Dental Assistant Job Duties
Dental assistant jobs involve a number of different duties, all of which occur in a dentist's office. Dental assistants do clerical tasks like keeping records, accepting and noting payments, scheduling appointments, and ordering supplies. In addition, they may also need to locate patients' medical records when those patients come in for a dentist appointment.
Dental assistants also help patients get ready for the given dentist's examination. During the examination, they assist the dentist by handing him or her the proper tools and materials as requested, operating the suction hose to keep the patient's mouth dry so that the dentist can work more easily, and taking x-rays as needed. They may also use certain materials to make a mold of a patient's teeth or jaw structure, and they may also help by sterilizing instruments, mixing cleaning or filling compounds, or developing x-rays once they've been taken.
Because most dental assistant jobs are part-time, dental assistants usually work for more than one employer. In other situations, full-time dental assistants may work in public clinics, health departments, dental schools, or hospitals.
Education and Training
Besides a high school diploma, a strong educational emphasis on health, chemistry, and biology and a basic education in office practices will help a lot once you come into your first position. You will also be taught many of the skills you will need on the job itself.
Besides on-the-job training, however, many dental assistants these days are receiving their training from programs run by colleges specifically for dental assistants, and at technical and vocational schools. Within these institutions, students receive preclinical, laboratory, and classroom instruction. Most of these programs are one or two years long and provide dental assistants who graduate with an associate's degree or certificate. At that point, dental assistants can become registered dental assistants or become licensed as long as they meet state requirements.
Additional Skills You May Need
In addition to the previously mentioned skills, dental office jobs such as that of dental assistant may also require that you have significant computer skills. This is especially true as more and more wok is being done on computers (including keeping track of patient records, billing, scheduling, and so on). The extent to which this is true depends on the office you work in, but it may especially be true if you work in a large institution or for the government, for example. Having good computer skills will give you an advantage over another candidate who may not have these skills.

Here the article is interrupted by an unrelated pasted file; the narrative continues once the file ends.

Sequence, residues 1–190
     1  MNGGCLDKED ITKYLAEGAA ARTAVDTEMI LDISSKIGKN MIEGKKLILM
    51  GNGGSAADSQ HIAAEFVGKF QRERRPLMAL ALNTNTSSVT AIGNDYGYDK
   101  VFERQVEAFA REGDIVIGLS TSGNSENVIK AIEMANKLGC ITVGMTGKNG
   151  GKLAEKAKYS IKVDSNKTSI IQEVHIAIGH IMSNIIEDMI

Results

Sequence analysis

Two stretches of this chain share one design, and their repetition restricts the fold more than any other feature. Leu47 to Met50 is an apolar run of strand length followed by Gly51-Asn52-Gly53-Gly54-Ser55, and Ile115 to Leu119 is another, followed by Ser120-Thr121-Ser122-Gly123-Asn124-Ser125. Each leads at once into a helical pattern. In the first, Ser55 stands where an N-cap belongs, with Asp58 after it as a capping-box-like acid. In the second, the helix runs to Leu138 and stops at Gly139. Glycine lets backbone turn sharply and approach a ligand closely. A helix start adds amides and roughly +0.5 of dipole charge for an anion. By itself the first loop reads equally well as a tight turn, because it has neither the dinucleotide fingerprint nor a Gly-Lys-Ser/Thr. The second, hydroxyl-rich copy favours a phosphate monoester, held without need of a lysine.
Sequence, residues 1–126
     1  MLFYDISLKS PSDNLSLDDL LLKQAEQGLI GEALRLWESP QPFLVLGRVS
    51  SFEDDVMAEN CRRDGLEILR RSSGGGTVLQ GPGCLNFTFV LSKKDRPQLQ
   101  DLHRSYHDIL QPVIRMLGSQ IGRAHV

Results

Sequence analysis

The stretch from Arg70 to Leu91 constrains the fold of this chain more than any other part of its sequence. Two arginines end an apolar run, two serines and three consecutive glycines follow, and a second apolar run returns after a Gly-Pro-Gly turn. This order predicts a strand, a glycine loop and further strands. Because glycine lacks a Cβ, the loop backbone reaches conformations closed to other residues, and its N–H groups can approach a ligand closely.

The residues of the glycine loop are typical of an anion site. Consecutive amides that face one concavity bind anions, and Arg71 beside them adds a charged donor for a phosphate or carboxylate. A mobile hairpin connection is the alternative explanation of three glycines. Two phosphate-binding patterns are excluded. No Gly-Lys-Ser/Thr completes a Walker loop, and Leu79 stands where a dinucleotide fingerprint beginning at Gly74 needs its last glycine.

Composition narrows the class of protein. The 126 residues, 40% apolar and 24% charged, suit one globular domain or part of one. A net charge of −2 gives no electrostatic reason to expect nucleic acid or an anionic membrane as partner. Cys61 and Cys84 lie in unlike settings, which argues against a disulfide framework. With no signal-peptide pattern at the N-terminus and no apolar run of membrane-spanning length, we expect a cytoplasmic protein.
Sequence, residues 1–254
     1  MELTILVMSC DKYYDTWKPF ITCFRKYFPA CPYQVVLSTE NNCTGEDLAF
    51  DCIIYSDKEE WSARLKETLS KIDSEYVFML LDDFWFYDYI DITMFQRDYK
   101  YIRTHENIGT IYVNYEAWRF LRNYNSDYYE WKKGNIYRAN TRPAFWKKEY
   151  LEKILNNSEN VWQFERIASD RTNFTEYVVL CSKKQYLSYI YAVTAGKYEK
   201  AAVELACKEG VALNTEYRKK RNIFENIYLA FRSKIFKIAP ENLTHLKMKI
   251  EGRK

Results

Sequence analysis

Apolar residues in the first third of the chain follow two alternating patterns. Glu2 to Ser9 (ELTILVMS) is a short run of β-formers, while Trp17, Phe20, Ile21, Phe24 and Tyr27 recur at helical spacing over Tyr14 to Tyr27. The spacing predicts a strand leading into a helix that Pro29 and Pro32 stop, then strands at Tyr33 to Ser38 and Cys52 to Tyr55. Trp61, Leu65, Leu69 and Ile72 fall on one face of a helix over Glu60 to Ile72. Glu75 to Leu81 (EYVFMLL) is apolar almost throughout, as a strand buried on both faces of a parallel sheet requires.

In addition to computer skills, interpersonal skills are also important. Because you're dealing with patients, many of whom may be frightened by the procedures they're undergoing as you assist the dentist, having a calm and soothing nature and being able to calm down nervous patients will make you a great asset to your employer. In addition, greeting people when they come into the office and being able to maintain a calm and cheerful demeanor will help calm them even before they seat themselves in the dentist's chair. It's true that for the most nervous of patients, medications or other avenues may be available to help them overcome their fears, but if you can help calm them down even before using these interventions, that will work even better.
Landing a Job
If you attend a formal program to become a dental assistant, the placement office can help you find a job once you receive your certification or degree. You can also apply directly to private clinics, offices, or hospitals. In addition, you may decide that you want to work with the government, and if so, you'll need to take the necessary civil service test to qualify. Private employment agencies and state employment agencies will have these types of job listings available. Job sites on the Internet and newspaper classifieds may also list these types of jobs.
Outlook and Compensation
Dental assistant jobs are in great demand right now and are expected to increase significantly within the next several years. Compensation usually starts at about $14 per hour on average. As previously stated, many dental assistants work part-time for their employers and usually have more than one employer, especially if they work in the private sector. They may also work weekends as well as the typical office hours available during the week.
While dental assistants themselves usually don't advance within that particular profession, many dental assistants go to school to become dental hygienists while they maintain their dental assistant jobs. This is a particularly good way to advance into a career that truly is full-time and offers greater compensation than the job of dental assistant itself.